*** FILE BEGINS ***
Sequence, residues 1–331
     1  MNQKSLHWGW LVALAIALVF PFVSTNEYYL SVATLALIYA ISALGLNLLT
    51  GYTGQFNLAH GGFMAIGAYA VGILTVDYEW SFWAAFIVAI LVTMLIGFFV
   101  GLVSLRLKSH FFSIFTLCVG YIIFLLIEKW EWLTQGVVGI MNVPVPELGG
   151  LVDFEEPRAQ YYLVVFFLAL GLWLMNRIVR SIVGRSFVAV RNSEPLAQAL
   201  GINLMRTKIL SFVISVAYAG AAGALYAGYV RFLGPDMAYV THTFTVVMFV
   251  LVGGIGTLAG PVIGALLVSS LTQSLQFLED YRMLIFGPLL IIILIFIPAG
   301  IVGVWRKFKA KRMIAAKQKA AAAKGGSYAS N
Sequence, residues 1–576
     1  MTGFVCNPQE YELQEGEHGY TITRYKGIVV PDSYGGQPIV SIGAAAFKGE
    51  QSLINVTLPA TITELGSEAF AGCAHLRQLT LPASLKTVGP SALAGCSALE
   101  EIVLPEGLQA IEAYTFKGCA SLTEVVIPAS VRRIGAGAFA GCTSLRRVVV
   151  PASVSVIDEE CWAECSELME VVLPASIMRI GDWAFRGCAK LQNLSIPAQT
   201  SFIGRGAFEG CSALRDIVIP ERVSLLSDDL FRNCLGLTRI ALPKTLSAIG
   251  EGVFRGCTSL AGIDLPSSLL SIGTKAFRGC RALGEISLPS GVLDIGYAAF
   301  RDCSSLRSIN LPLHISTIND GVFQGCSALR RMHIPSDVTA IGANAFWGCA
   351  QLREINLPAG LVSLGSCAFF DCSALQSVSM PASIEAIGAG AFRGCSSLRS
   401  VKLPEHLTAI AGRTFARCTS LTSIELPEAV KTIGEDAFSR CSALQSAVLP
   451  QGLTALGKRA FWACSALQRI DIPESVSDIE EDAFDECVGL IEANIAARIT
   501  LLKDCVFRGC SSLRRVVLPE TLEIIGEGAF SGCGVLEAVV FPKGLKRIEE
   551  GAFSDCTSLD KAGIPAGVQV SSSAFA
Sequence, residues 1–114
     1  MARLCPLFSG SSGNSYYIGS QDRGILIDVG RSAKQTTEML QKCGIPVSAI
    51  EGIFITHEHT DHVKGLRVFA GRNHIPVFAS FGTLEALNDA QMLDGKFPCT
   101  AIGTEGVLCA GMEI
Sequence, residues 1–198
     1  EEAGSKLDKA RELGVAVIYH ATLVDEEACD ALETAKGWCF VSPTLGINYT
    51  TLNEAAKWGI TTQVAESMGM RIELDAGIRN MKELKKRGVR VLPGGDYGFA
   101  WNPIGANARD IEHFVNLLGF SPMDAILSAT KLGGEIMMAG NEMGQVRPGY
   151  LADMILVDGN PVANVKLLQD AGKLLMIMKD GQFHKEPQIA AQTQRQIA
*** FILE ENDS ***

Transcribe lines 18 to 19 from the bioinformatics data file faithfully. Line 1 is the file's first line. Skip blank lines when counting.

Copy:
   401  VKLPEHLTAI AGRTFARCTS LTSIELPEAV KTIGEDAFSR CSALQSAVLP
   451  QGLTALGKRA FWACSALQRI DIPESVSDIE EDAFDECVGL IEANIAARIT